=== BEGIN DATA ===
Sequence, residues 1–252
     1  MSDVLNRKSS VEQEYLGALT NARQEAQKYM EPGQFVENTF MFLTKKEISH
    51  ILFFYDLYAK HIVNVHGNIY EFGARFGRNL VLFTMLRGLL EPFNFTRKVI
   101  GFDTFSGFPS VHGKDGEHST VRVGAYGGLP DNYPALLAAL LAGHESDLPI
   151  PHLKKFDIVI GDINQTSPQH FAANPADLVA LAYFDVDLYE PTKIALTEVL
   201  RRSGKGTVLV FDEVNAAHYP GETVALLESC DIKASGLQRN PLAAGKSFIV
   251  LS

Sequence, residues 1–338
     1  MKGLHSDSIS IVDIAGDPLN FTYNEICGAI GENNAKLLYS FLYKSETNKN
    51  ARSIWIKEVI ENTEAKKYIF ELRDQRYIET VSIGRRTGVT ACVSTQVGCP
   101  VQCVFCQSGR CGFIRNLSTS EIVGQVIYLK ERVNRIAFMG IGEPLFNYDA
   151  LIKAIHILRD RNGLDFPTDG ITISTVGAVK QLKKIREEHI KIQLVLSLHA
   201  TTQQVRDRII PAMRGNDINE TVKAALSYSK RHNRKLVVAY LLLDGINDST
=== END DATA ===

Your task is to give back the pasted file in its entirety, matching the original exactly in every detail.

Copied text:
Sequence, residues 1–252
     1  MSDVLNRKSS VEQEYLGALT NARQEAQKYM EPGQFVENTF MFLTKKEISH
    51  ILFFYDLYAK HIVNVHGNIY EFGARFGRNL VLFTMLRGLL EPFNFTRKVI
   101  GFDTFSGFPS VHGKDGEHST VRVGAYGGLP DNYPALLAAL LAGHESDLPI
   151  PHLKKFDIVI GDINQTSPQH FAANPADLVA LAYFDVDLYE PTKIALTEVL
   201  RRSGKGTVLV FDEVNAAHYP GETVALLESC DIKASGLQRN PLAAGKSFIV
   251  LS

Sequence, residues 1–338
     1  MKGLHSDSIS IVDIAGDPLN FTYNEICGAI GENNAKLLYS FLYKSETNKN
    51  ARSIWIKEVI ENTEAKKYIF ELRDQRYIET VSIGRRTGVT ACVSTQVGCP
   101  VQCVFCQSGR CGFIRNLSTS EIVGQVIYLK ERVNRIAFMG IGEPLFNYDA
   151  LIKAIHILRD RNGLDFPTDG ITISTVGAVK QLKKIREEHI KIQLVLSLHA
   201  TTQQVRDRII PAMRGNDINE TVKAALSYSK RHNRKLVVAY LLLDGINDST